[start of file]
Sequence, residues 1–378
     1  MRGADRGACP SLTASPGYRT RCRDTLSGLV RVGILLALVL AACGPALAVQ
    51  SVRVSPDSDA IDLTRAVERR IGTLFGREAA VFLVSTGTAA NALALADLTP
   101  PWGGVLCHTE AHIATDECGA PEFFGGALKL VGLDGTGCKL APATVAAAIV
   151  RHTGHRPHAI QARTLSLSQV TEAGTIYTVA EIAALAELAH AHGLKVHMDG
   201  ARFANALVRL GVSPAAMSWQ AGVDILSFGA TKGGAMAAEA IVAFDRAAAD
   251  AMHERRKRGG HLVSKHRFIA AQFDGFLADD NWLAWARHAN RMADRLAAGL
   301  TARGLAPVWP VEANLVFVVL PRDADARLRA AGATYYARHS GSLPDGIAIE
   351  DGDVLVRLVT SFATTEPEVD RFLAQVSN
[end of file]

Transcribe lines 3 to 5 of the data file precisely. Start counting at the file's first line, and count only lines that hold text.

    51  SVRVSPDSDA IDLTRAVERR IGTLFGREAA VFLVSTGTAA NALALADLTP
   101  PWGGVLCHTE AHIATDECGA PEFFGGALKL VGLDGTGCKL APATVAAAIV
   151  RHTGHRPHAI QARTLSLSQV TEAGTIYTVA EIAALAELAH AHGLKVHMDG